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National Allotments Week

Sam talks about National Allotments Week's theme of shared harvest.

 

Sharing is caring! This is very much what is celebrated this year for National Allotments Week, as the theme is all about the act of shared harvest.


For me this is about community. A group of people all actively collaborating to transform a space may have been abandoned for a long period of time to turn it into something productive, meaningful and often beautiful.


Take the Millennium Garden in Measham, for example. For a long time it was a forgotten piece of land in which no-one had any real interest. Fast forward to the present day, and there have been numerous fruit and vegetable plants growing and giving us produce to enjoy. We have all shared this produce amongst the group that have contributed to the project over the past year or so. Whether it be radishes, green beans, raspberries or onions. There really was something for everyone.


This year, in my garden, I have been growing courgettes, lettuce, onions and raspberries to share with my family and friends. Just recently, me and my family invited some friends to take some lettuce as we have plenty of it to go around. Of course, lettuce is a popular accompaniment to a salad and especially during this time of year, is the perfect addition to a barbecue.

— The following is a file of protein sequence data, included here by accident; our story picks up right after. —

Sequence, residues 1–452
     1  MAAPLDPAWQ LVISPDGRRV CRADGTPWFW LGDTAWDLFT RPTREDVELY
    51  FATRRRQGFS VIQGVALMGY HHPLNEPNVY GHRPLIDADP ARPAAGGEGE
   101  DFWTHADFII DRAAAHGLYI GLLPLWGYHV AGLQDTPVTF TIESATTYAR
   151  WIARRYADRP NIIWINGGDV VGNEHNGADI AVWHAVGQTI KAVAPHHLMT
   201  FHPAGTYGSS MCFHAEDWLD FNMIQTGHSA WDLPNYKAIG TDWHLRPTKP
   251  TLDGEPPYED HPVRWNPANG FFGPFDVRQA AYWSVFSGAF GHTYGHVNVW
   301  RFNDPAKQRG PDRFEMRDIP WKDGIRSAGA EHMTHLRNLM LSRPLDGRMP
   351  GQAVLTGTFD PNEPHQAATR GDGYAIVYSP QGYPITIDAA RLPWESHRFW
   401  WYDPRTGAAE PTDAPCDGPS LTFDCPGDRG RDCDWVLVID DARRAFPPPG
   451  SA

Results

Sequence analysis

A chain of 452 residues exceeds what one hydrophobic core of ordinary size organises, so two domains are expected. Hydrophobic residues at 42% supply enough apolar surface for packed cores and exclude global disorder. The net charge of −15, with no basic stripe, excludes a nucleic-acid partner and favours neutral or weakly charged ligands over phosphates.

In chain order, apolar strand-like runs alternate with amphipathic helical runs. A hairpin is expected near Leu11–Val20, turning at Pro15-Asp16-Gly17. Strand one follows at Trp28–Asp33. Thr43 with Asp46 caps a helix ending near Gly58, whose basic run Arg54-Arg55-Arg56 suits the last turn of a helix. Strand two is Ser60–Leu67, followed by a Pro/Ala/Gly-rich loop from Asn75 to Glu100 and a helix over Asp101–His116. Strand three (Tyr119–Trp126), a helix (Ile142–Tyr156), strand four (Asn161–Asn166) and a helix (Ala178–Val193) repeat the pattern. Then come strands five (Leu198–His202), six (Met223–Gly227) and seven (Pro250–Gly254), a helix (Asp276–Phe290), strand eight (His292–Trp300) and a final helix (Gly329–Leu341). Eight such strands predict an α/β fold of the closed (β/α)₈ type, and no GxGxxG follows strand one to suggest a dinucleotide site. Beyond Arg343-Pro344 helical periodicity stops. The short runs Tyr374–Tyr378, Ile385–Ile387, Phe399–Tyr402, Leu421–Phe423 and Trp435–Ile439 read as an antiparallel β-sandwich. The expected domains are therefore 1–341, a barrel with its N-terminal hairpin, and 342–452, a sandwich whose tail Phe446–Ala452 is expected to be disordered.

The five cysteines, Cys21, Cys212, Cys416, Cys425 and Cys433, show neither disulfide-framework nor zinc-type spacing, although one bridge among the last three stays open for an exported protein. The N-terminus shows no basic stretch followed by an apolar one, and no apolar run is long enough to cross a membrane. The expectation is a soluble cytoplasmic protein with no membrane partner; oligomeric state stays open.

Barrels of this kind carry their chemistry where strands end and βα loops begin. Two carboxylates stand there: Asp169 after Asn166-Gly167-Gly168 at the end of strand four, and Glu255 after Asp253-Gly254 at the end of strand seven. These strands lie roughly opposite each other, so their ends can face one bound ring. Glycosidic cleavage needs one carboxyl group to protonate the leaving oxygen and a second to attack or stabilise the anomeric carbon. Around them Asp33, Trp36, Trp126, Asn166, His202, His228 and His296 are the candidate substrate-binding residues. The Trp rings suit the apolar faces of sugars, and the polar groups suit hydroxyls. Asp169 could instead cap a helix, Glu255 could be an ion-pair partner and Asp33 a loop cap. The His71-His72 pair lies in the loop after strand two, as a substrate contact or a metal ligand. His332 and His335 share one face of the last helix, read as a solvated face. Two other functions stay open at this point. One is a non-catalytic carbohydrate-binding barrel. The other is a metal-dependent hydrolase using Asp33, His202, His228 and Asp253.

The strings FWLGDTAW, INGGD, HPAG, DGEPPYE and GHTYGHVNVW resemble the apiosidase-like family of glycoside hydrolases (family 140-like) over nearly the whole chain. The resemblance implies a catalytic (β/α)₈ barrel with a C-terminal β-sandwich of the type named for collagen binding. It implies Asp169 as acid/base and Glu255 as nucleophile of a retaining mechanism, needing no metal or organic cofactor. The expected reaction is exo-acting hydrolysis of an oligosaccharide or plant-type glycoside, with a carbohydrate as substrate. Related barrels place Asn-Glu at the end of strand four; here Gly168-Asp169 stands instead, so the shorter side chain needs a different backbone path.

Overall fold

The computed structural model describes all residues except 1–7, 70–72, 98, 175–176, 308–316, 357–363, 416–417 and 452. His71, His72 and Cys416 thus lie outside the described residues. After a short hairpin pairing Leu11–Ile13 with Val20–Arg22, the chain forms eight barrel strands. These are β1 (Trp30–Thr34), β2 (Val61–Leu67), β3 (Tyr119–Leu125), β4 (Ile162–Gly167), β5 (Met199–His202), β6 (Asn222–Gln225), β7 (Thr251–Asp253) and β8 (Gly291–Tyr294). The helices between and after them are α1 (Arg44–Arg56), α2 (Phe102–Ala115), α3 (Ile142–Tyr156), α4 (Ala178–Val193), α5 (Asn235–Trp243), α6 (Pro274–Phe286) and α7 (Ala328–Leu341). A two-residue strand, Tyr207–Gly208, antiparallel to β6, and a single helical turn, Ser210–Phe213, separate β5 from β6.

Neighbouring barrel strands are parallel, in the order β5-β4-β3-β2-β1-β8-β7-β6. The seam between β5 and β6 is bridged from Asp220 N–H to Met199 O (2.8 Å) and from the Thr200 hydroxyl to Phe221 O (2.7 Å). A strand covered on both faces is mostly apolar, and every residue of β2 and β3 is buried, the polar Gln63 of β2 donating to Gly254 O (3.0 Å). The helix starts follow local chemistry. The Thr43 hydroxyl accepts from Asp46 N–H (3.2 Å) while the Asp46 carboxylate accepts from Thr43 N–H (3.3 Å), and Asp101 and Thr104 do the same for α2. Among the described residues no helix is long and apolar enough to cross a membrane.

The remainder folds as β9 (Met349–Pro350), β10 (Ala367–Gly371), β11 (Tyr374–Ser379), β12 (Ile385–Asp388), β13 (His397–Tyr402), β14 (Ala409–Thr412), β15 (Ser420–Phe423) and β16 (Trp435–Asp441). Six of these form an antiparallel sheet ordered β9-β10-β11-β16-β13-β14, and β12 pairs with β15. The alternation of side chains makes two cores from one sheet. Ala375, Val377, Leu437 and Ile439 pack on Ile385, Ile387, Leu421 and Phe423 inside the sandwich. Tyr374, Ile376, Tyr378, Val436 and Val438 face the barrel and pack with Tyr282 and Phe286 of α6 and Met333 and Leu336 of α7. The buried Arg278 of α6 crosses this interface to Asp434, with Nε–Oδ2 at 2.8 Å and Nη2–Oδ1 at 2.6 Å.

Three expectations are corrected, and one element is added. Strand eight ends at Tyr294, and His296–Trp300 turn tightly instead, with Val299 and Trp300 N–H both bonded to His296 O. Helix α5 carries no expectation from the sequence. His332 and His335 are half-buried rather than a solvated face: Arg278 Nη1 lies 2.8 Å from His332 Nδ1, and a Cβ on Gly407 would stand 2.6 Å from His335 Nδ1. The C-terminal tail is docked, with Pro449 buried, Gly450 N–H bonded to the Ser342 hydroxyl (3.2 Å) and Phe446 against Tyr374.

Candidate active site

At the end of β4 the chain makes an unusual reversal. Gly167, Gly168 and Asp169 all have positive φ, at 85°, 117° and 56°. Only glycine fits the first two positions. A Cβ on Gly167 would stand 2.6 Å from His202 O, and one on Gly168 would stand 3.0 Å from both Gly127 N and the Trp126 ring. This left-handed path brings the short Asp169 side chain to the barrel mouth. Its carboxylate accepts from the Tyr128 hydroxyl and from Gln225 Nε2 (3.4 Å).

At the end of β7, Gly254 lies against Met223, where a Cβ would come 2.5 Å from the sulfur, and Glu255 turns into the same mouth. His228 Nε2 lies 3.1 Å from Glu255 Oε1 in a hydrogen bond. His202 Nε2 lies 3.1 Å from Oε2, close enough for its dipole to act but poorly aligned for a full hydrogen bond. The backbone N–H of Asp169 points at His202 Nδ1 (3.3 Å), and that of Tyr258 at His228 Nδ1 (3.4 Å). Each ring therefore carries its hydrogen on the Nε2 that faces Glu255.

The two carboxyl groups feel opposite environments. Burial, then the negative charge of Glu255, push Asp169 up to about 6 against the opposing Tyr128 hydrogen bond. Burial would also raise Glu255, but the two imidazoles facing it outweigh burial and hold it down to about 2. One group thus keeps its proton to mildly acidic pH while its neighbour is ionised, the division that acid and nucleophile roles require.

We also must remember the importance of the overall eco-system, and putting this into practice by making our gardens a shared space where wildlife of all shapes and sizes can exist alongside us. Bees are critical the world over. Without bees, we wouldn’t be able to consume the food we do. They are the biggest pollinators so we should express our gratitude to our striped and buzzing friends.


I would also like to take this moment to encourage you to banish pesticides and herbicides from your gardens and growing spaces. This may mean that you forego some of the produce you might normally grow to give garden wildlife the chance to thrive. You only have to look at the amount of produce in containers in supermarkets. One could imagine that there would be a legal amount of pesticide or herbicide that could be used as they are ultimately not good for human health, so we should be applying this same attitude to our own green spaces.


At Enrych, we are passionate about improving the mental health of those we support in numerous ways. It has been proven time and again just how good stepping into nature is for our health. Having a project to work on, whether that could be building a wooden sculpture to support a plant to grow, or using an old bucket or pot to build a small pond. There are so many ways to make your space unique and welcoming for our wildlife friends.

Our clients love being outdoors and active, having engaged in activities such as creating garden mosaics, helping out at local allotment spaces to make them more attractive to the community and other related projects. Nature is our friend. Why not join us out in the community and help protect our eco-systems, boost our mental health and wellbeing and use our spaces meaningfully and sensitively so they can be enjoyed for many

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